Such strategies were premised both on the solidarity and mobilisation capacities of workers gathered in factories and on the universality of the salaried status. The combination of the relative deindustrialisation of the West, the diversification of labour statutes to the detriment of wage labour, and the de-territorialisation of much of contemporary work, has weakened the efficacy of such strategies. In our opinion, it is of great importance to:

  • overcome the division between statutes for different workers, and recognise the validity of autonomous work;
  • adapt tactics to the networked nature of a great proportion of modern work; and
  • propose policies for the reindustrialisation of work based on distributed manufacturing.

The following examples outline some steps that could be taken in this direction.

5.1. Generative entrepreneurial coalitions

Generative entrepreneurial coalitions are forms of enterprises that participate in co-creating commons while creating livelihoods for the contributors. These enterprise models can take the form of cooperatives, social and solidarity economy organisations, B-Corporations,[8] social enterprises, and non-profit and not-for profit entities.

Marjorie Kelly, in her book on these emerging forms of post-corporate governance and property, provides a list of the following characteristics:

Table 1 The design of economic power: the architecture of ownership
Extractive ownership Generative ownership
1. Financial Purpose: maximizing profits in the short term 1. Living Purpose: creating the conditions for life over the long term
2. Absentee Membership: ownership disconnected from the life of the enterprise 2. Rooted Membership: ownership in human hands
3. Governance by Markets: control by capital markets on autopilot 3. Mission-Controlled Governance: control by those dedicated to social mission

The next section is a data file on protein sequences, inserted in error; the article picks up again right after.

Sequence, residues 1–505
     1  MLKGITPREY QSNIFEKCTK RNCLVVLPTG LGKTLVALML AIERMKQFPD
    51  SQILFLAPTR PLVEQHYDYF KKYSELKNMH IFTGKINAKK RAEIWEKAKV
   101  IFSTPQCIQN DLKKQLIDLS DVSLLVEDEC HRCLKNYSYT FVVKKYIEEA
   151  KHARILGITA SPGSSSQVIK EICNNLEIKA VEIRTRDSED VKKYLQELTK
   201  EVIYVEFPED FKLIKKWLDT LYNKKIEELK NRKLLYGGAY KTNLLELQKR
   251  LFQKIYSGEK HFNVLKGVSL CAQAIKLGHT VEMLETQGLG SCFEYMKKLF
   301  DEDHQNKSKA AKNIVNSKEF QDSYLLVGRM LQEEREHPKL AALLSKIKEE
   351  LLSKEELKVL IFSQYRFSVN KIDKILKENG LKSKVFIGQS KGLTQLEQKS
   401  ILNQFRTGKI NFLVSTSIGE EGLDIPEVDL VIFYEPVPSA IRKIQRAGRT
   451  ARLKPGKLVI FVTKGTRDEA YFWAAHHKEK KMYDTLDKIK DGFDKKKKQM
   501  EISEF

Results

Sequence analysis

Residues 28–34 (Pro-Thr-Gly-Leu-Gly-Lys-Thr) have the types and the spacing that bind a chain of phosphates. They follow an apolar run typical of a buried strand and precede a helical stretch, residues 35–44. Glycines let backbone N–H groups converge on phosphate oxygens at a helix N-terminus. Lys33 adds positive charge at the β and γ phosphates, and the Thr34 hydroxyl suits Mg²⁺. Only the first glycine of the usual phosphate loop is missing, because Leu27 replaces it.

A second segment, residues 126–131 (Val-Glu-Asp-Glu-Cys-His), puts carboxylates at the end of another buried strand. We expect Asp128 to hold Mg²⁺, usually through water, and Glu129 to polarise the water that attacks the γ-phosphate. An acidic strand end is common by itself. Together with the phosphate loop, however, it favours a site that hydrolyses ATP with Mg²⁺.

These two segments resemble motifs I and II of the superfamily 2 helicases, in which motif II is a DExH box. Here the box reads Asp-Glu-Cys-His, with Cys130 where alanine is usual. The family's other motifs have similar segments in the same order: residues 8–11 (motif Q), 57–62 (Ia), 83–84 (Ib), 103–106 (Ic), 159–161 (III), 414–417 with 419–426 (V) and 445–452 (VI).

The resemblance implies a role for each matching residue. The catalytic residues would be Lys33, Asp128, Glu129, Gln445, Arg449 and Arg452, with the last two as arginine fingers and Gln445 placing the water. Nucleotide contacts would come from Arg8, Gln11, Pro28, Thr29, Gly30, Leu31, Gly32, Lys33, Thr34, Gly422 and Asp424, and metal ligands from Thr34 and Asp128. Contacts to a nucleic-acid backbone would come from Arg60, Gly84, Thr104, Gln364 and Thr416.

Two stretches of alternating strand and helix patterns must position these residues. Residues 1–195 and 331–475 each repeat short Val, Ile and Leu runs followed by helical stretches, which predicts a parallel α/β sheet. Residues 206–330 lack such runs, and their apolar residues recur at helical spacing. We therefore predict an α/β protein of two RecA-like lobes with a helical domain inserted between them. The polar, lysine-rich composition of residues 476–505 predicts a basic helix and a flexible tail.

4. Casino Finance: capital as master 4. Stakeholder Finance: capital as friend
5. Commodity Networks: trading focused solely on price and profits 5. Ethical Networks: collective support for ecological and social norms

Source: Kelly (2012).

5.2. Platform cooperatives

The corporate-owned platforms are playing an immensely negative role with regard to the social conditions of labour, extracting huge profits simply by controlling the flows between supply and demand. However, they could be transformed into multi-stakeholder or membership-owned platforms that perform the same function, without the additional ‘extraction’ of value from these ‘peer to peer’ exchanges. The second Platform Cooperativism conference,[9] held in New York in November 2016, showed the huge progress that this concept and practice has made in a rather short time. The directory The Internet of Ownership[10] lists more than 300 such platforms, while there are also platforms ‘under construction’ for nurses, cleaners and others.

5.3. Union co-ops

In view of the challenge that platform capitalism represents to trade union organising, unions have started to directly finance alternative cooperative platforms. In Not Alone, a landmark report on how unions are responding to the needs of precarious workers, Conaty et al. (2016) argue:

‘We explored how to bring together co-operative approaches with the additional clout of trade union power. What we found is that such a mission to integrate trade union and co- operative provision is gaining traction in the US with a range of emerging “union co-op” models. The union co-ops concept has been co-developed under a joint agreement between the US Steelworkers and the Spanish co-op, Mondragon. Today, union co-ops are being set up in a range of industries and cities from Pittsburgh to Los Angeles. In Cincinnati, Ohio, seven union co-ops are either established or under development including a food hub, a railway manufacturer, a “green laundry” and a jewellery manufacturer. Crucially, we are seeing union co-ops beating the opposition at its own game.’

What is of interest in the context of this paper is that the union co- op model is now being applied to platform cooperative initiatives. For instance, Conaty et al. (2016) mention ‘Green Taxis’ as an alternative to Uber:

‘Green Taxis co-op in Denver has expanded its membership in partnership with the Communication Workers of America. This union co-op strategy has led to the development of a highly efficient mobile app. Through the partnership Green Taxis has grown to 800 members, secured 37% of the market in Denver and has rapidly become the largest taxi co-op in the US.’